Water line break at CAES may delay opening School Year's Eve, playground dedication also up in the air

Barriers block the entrance to the parking lot of Chester-Andover Elementary School. All photos by Shawn Cunningham

By Cynthia Prairie
©2018 Telegraph Publishing LLC

A water main break at Chester-Andover Elementary School this morning may delay the school’s opening on Wednesday, Aug. 29 and waylay Tuesday’s School Year’s Eve plans and the dedication of its new playground.

Around 6:30 this morning, just six days from the start of school, school Facilities Director Jim Spaulding was conducting a routine check when he found 7 feet of water in the 484-square-foot boiler room.

Matt Wilson, chief of the Chester Fire Department that responded to the emergency 911 call, called Green Mountain Power to shut down the electricity.

The water “was just gushing,” said Principal Katherine Fogg, as she sat in the parking lot speaking with a reporter by cellphone. She added that the Chester Fire Department “drained a bunch,” but that ServePro Restoration Services would have to drain the rest. At this point, no one else is allowed on the property or in the building, and water, sewer and electricity are not functioning.

A handwritten sign tells visitors they cannot enter the building.

She said that that the boiler room is the only place in the building that is low and the water therefore did not seep into other areas of the building.

Chester Water Department Superintendent Jeff Holden attributed the break to “old infrastructure.” He estimates that break occurred around 5 a.m. and ran for two hours, dumping between 18,000 and 20,000 gallons of water into the boiler room by the time he could shut it off.

He added that no other properties were affected by the break.

Fogg said that a state Fire Marshal has already inspected the cleanup thus far and determined that the work is being done properly.

Cost of the damage has yet to be ascertained.

ServePro trucks sit outside the back of the school building as contractors work inside.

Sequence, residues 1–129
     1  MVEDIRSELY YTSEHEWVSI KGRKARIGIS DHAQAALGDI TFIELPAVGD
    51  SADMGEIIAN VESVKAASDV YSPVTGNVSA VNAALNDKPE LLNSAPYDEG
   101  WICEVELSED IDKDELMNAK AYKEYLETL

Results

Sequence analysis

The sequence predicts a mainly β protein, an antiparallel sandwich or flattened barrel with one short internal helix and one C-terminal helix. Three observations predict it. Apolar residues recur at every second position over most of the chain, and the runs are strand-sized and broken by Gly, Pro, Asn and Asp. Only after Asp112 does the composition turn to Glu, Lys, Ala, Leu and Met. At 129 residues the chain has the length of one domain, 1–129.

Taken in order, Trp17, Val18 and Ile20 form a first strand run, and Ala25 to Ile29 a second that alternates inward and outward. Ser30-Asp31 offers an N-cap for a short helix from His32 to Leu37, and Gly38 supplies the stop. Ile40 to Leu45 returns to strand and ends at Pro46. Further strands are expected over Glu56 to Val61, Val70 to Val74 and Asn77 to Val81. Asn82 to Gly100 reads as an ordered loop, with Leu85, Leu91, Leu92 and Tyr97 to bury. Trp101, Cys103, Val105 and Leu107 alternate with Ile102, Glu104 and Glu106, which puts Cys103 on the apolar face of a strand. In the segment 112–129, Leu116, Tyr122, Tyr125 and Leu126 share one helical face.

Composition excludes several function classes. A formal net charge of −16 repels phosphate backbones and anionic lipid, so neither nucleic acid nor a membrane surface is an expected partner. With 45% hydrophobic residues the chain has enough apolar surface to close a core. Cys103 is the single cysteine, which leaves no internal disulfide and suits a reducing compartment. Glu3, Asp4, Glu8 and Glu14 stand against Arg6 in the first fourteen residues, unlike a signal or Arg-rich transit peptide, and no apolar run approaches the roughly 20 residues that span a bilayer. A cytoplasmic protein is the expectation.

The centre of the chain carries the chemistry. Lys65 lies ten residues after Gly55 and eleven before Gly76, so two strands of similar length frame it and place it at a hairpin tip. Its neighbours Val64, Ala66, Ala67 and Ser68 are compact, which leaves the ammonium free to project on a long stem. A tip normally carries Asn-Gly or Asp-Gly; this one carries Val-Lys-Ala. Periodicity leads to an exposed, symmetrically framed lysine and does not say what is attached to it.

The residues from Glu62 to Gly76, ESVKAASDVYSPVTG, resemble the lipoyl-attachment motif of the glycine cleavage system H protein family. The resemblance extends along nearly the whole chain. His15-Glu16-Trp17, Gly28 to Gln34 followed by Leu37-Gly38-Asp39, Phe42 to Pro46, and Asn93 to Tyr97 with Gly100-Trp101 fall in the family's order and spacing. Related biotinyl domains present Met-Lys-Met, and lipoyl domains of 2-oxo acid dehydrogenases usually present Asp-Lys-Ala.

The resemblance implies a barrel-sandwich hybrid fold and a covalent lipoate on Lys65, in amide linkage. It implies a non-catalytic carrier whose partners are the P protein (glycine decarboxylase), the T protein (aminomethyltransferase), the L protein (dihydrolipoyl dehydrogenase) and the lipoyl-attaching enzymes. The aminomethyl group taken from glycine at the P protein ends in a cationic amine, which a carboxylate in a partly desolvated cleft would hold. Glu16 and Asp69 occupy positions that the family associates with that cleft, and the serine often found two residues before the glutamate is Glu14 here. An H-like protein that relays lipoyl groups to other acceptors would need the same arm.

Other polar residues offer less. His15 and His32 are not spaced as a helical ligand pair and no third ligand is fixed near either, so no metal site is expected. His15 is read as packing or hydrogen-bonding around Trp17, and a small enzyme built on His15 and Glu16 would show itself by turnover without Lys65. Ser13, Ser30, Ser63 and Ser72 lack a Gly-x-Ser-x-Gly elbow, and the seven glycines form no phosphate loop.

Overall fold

Meg Powden, superintendent of the Two Rivers Supervisory Union that oversees CAES, said  “If we can’t be opening on Wednesday, we’ll need to delay until it’s safe for everyone to return. We should have a good sense of that on Monday.”

“The fortunate piece,” she said, “is that it was contained in the boiler room. The unfortunate piece is that the heart of the building is the boiler room.”

Powden added that at the request of Fire Chief Wilson, a member of the CAES maintenance crew will be stationed at the school 24 hours a day until they can turn the electricity back on.

“We’re certainly disappointed” by this turn of events, Powden said, calling special attention to Spaulding and his staff for the “wonderful job they have done in getting the school ready for students over the summer.”

Fogg said she has notified all 63 faculty and staff members and families of the 243 students set to attend the school. “My hope,” she said, “is to climb the playset Tuesday night with my students.”

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About the Author: Cynthia Prairie has been a newspaper editor more than 40 years. Cynthia has worked at such publications as the Raleigh Times, the Baltimore News American, the Buffalo Courier Express, the Chicago Sun-Times and the Patuxent Publishing chain of community newspapers in Maryland, and has won numerous state awards for her reporting. As an editor, she has overseen her staffs to win many awards for indepth coverage. She and her family moved to Chester, Vermont in 2004.

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